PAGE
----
by Leon Pantenburg
For decades, I have carried a pencil or pen and small pocket notebook as part of my everyday carry gear.
|I always carry a pencil and notebook in my compass setup. (Pantenburg photos)|
But the small, pocket-sized notebook that fits in my hip pocket gets used way beyond what you'd imagine. In my urban lifestyle, that's the notebook I use constantly to write messages, grocery lists, notes to put under windshield wiper blades, and reminders of things to do.
But the most important aspect is convenience. If the notebook is easy to carry, you won't leave it behind.
You might want to invest in a notebook with waterproof paper as some foresters or emergency personnel use. But whatever size you carry in the backcountry, make sure your notebook is carried in a plastic bag, or something that keeps it dry in the rain or after a dunking in a creek.
And no electronic gee-wizardry, please. Anything powered by batteries is as reliable as the power source. Cold weather can kill batteries in your whatever-phone, leaving you with a paperweight.
In a survival kit, your notebook can be more important than you could imagine. Here are some uses:
Write a treatment note: Suppose you have to administer first aid to someone, and the victim must be passed on to a Search And Rescue or Emergency Medical Technician. Medical personnel will really appreciate a brief note, documenting what treatment you have already done. Use the five Ws: Who, What, Where, Why and When to explain what treatment was given and any observations. An effective note can save precious time.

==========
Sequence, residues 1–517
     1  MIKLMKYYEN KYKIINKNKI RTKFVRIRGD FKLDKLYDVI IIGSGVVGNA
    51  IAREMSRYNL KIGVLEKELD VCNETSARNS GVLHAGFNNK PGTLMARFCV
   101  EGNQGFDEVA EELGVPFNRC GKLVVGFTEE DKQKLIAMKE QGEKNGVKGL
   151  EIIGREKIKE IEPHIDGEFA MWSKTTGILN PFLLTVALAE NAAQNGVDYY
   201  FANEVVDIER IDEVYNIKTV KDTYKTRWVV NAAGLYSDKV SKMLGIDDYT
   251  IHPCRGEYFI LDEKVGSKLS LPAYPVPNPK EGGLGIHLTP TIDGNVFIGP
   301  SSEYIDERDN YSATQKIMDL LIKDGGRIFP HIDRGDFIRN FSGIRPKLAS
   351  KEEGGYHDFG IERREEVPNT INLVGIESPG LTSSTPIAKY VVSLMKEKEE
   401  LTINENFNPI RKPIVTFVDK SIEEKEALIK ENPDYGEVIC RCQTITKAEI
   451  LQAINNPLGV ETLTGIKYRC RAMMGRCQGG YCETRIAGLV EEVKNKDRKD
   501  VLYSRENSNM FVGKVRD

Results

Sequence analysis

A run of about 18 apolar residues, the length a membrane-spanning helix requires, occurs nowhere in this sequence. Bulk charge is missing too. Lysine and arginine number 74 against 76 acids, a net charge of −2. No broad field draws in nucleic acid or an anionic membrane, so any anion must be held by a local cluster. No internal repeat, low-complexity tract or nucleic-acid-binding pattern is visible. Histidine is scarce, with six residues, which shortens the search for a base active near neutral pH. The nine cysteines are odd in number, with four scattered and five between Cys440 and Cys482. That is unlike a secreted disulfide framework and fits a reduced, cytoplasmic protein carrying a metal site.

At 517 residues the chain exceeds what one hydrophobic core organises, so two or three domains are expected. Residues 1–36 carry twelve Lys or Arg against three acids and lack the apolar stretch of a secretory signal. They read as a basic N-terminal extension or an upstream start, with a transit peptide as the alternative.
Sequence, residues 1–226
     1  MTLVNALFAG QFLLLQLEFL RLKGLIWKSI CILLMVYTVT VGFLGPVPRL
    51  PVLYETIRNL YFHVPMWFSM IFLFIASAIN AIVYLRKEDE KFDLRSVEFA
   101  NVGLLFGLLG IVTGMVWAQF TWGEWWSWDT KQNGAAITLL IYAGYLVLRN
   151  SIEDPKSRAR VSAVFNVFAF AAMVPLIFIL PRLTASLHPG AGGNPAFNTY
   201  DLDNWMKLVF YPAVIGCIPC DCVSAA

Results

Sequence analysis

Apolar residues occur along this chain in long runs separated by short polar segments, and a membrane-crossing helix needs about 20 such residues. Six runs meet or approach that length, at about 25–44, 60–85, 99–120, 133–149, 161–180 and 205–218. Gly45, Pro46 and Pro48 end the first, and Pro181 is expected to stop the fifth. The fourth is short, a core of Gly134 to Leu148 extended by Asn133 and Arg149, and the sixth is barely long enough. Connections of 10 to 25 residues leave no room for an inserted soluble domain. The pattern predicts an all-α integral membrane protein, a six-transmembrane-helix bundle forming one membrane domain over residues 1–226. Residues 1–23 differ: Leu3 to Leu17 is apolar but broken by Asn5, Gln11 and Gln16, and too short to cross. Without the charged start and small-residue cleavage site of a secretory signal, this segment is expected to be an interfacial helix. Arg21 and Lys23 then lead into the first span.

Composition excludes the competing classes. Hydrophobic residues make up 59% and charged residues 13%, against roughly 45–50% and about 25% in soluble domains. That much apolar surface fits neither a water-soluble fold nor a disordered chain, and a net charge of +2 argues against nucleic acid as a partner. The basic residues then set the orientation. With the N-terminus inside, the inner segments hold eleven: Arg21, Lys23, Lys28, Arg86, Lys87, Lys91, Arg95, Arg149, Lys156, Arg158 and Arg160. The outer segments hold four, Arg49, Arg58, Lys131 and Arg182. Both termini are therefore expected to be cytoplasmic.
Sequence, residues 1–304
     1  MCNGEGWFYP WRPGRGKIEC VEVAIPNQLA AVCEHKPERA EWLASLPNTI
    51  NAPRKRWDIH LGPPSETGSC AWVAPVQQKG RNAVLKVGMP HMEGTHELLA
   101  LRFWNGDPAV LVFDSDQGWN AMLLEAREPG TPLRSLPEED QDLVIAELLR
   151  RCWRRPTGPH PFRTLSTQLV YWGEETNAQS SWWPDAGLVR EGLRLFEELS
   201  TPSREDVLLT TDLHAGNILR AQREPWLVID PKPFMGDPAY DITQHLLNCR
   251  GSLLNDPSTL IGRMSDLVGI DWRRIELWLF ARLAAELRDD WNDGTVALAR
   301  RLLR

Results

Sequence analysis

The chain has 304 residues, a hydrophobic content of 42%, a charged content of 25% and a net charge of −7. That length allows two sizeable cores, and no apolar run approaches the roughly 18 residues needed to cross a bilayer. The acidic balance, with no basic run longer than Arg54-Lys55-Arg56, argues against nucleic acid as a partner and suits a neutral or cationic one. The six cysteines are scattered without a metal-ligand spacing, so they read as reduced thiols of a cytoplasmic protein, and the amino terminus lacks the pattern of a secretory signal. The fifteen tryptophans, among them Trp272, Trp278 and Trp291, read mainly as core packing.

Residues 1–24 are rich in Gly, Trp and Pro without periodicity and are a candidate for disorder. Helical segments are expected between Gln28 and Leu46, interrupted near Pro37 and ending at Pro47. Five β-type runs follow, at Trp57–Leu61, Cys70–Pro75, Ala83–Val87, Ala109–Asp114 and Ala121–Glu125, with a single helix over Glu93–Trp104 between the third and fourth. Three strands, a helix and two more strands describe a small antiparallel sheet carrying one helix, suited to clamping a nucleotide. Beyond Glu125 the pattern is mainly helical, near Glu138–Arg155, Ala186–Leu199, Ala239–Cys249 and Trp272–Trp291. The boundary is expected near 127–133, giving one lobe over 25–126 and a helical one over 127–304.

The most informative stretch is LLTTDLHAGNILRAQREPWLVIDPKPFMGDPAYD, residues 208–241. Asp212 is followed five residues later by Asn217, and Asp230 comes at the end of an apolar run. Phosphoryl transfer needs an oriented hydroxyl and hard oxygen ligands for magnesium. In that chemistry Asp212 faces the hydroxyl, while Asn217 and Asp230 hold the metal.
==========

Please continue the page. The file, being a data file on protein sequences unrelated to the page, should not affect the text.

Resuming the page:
|This 30-year-old note shows my canoeing partner, John Nerness, finished next to last, while I took second place in this Pitch game.|
Leave a note in your car: Always leave a note with someone, again elaborating on the five Ws, when you take off on an adventure. This note should be left at home with a responsible adult. At the trailhead, if there are any changes in plan, a note should be left on the dashboard, or under the windshield wiper, where it can be easily read. This can save Search and Rescue teams countless hours of searching if you don't return as planned.
Directions you took: If you get in a complicated or confusing area, write notes to yourself about which turns you took and what landmarks were noticed. Later, if you're returning in the dark or the weather gets bad, you don't have to wonder which way to go. If you are stressed or under duress of some sort, there is a propensity to forget directions. A clear note will help.
Notes on the trail conditions: It is helpful to record trail conditions in some cases, so on the return trip you don't forget about an icy spot or a hazard on the trail.
Trace a map: On one snowshoe trip, I noticed a new trail on the kiosk of a warming hut. It was easy to trace the route on a piece of paper, along with GPS coordinates.
Photo specifics: As a photographer, I'm always interested in what works under challenging situations. If you're tackling a particularly tricky shot, write down what you did so you don't have to reinvent the wheel the next time. It's also nice to record GPS coordinates of a particularly nice area or landscape.
Tic Tac Toe: Or other games. A danger in the wilderness is getting bored while waiting to be rescued or for the weather to clear. I take along a deck of cards, and a note book allows keeping score. Anything that keeps your mind occupied in an emergency or disaster situation is a survival tool.
Make a plan: Every survival situation should have a plan of action for getting you out of it. Write down your plans and how you intend to implement them. That way, under stress, you won't forget to do something important.
That's eight uses for a notebook, and there are a lot more if you use your imagination.